Quentin Tarantino Directs a 1995 Episode of ER: Brings Cinematic Virtuosity to TV

Just as no list of the most 1990s-defining filmmakers could do without Quentin Tarantino, no list of the most 1990s-defining television shows could do without ER. The long-running, award-laden medical drama made more than a few daring moves over its fifteen years, not least its choices of guest directors. Early in its very first season (which premiered a month before the release of Pulp Fiction), ER snagged Tarantino to direct the episode “Motherhood,” which aired on May 11, 1995 — three days before Mother’s Day. “The ratings for ER, which are usually through the roof, should be through the moon tonight,” wrote the Baltimore Sun‘s David Zurawik, “And there is enough Tarantino to warrant a bit of a buzz. One weird scene involving a fight between female gang members as they are being wheeled into the emergency room might even be considered inspired when judged against the usual standards of doctor drama. But be warned: It’s ultra-bloody.”

That quote comes from a roundup of contemporary write-ups of the episode at Chronological Snobbery, which gets into impressive detail on the story behind, the plot of, the hype surrounding, and the Tarantinian imagery in “Motherhood,” and it also offers a brief interview with former child actor Abraham Verduzco, who “played Palmer, one of the eight Ranger Scouts with diarrhea.” Tarantino fans of the type who would frequent the Quentin Tarantino Archive will have recognized Verduzco from his earlier appearance in Robert Rodriguez’s Tarantino-featuring Desperado. “The episode boasts the usual intertwined stories of bleeding gangsters, relationship trouble, family drama, pregnancies, drug abuse and forbidden love,” says the QTA. “What makes this episode so interesting to Tarantino fans are all the QT trademarks that one can spot through the episode.” Some of these, aside from a penchant for vintage shades (“Quentin picked out the sunglasses and was adamant we wear them,” said actress Julianna Marguiles), include:

  • Dr. Lewis wears a Yosemite Sam t-shirt
  • Pulp Fiction‘s Angela Jones appears as Michelle
  • A Beatles song (“Blackbird”) accompanies a birth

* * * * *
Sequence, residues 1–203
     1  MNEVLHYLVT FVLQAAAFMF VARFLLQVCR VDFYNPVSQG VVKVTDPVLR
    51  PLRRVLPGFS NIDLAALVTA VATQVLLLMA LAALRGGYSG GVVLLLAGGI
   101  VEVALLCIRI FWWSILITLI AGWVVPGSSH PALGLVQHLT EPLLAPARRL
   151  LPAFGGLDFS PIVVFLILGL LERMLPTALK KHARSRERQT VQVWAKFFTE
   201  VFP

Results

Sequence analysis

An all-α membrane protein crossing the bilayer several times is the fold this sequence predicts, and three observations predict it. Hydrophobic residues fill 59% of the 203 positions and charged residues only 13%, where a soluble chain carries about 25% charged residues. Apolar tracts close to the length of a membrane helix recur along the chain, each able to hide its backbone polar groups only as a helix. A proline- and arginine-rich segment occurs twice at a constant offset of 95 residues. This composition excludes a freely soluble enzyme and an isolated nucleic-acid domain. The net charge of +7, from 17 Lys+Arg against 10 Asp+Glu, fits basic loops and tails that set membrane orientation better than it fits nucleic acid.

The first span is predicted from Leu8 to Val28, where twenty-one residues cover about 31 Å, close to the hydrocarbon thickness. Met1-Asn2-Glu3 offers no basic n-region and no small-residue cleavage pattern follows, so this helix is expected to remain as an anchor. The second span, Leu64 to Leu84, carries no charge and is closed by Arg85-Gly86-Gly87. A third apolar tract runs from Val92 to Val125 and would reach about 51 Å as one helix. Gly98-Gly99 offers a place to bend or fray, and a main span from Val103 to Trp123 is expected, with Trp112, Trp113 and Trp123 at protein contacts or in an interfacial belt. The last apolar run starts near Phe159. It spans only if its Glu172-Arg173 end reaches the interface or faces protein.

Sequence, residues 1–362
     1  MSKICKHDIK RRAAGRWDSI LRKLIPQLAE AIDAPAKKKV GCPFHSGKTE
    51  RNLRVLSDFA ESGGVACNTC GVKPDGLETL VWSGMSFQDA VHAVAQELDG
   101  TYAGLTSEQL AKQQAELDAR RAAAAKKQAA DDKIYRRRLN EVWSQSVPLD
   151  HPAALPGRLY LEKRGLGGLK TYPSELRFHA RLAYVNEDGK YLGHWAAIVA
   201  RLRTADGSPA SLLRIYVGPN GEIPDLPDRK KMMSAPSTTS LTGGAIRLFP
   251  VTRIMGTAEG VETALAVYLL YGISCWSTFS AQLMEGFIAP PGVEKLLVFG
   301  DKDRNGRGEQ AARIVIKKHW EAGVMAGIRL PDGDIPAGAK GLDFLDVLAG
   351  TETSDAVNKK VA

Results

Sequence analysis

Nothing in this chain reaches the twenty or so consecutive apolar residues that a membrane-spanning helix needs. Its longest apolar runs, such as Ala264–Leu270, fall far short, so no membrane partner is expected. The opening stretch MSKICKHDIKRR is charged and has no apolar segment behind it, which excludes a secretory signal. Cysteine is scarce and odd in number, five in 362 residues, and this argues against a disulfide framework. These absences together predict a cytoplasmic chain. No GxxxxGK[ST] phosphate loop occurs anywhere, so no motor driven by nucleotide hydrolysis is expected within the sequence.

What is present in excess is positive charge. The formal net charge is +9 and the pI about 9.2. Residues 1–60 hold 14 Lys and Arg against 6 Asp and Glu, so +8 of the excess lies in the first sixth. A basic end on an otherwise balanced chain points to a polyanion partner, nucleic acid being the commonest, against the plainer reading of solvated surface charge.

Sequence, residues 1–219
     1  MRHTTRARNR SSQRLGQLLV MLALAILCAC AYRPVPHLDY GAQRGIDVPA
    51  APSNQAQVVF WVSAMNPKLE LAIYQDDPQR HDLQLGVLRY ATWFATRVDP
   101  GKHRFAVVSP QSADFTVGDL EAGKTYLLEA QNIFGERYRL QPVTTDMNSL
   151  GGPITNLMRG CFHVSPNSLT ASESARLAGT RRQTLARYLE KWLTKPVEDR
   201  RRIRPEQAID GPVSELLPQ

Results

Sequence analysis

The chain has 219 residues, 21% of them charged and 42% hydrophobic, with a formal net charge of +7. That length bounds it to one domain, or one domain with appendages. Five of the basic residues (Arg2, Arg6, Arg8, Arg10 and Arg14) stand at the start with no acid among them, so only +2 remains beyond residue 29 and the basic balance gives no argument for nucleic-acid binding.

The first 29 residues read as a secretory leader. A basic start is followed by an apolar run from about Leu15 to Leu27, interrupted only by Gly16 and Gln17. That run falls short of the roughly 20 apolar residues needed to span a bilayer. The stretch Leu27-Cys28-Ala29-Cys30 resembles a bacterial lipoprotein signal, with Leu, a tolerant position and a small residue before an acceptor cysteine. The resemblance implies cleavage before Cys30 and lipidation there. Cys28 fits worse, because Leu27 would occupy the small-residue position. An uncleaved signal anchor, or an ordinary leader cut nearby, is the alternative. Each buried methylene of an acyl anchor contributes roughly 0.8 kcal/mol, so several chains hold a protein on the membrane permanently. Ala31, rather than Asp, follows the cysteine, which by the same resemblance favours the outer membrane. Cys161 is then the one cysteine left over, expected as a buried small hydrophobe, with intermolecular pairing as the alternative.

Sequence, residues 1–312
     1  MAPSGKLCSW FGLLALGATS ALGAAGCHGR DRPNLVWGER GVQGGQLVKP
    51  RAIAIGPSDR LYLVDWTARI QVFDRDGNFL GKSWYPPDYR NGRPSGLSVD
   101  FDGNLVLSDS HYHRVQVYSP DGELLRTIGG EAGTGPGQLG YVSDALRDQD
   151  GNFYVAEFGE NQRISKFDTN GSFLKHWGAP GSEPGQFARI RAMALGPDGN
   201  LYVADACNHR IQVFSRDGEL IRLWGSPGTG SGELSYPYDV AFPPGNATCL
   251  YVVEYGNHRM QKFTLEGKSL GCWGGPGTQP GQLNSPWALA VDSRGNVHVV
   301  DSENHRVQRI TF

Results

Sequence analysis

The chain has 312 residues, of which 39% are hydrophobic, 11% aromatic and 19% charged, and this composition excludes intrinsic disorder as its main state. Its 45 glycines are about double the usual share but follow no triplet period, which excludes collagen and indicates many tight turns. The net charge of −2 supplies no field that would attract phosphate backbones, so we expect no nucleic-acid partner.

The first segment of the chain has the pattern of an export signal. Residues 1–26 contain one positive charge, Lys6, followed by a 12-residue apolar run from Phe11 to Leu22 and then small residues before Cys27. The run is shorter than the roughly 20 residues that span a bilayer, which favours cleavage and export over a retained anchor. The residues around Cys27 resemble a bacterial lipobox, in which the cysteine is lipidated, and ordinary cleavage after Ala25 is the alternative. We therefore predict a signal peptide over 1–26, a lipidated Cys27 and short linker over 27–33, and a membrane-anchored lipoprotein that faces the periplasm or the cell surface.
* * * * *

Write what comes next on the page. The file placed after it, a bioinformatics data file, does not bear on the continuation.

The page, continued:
• The Ranger Scouts act like the Three Stooges, and Dr. Carter calls the constellation of the stars by the names Moe, Larry, and Curly
  • A girl cuts another girl’s ear off

And a more than bit of cinematic virtuosity comes right up front in the form of the episode’s much-discussed (as recently as last week, on Metafilter) single-take opening. You can see a couple segments of the episode right here, and for the whole thing — not to mention video quality superior to that which you get above, and for which we apologize — you need only to find disc four of the ER season one DVD collection. It makes me wish 1990s television had done as much to bring auteurs into the fold at 21st-century television has; what I wouldn’t give for a Hal Hartley-directed episode of Seinfeld, say, or a Kevin Smith X-Files.

Related Content:

Quentin Tarantino Lists the 12 Greatest Films of All Time: From Taxi Driver to The Bad News Bears

Quentin Tarantino Tells You About The Actors & Directors Who Provided the Inspiration for “Reservoir Dogs”

My Best Friend’s Birthday, Quentin Tarantino’s 1987 Debut Film

Quentin Tarantino Explains The Art of the Music in His Films

The Power of Food in Quentin Tarantino’s Films

Colin Marshall hosts and produces Notebook on Cities and Culture and writes essays on cities, language, Asia, and men’s style. He’s at work on a book about Los Angeles, A Los Angeles Primer. Follow him on Twitter at @colinmarshall or on Facebook.

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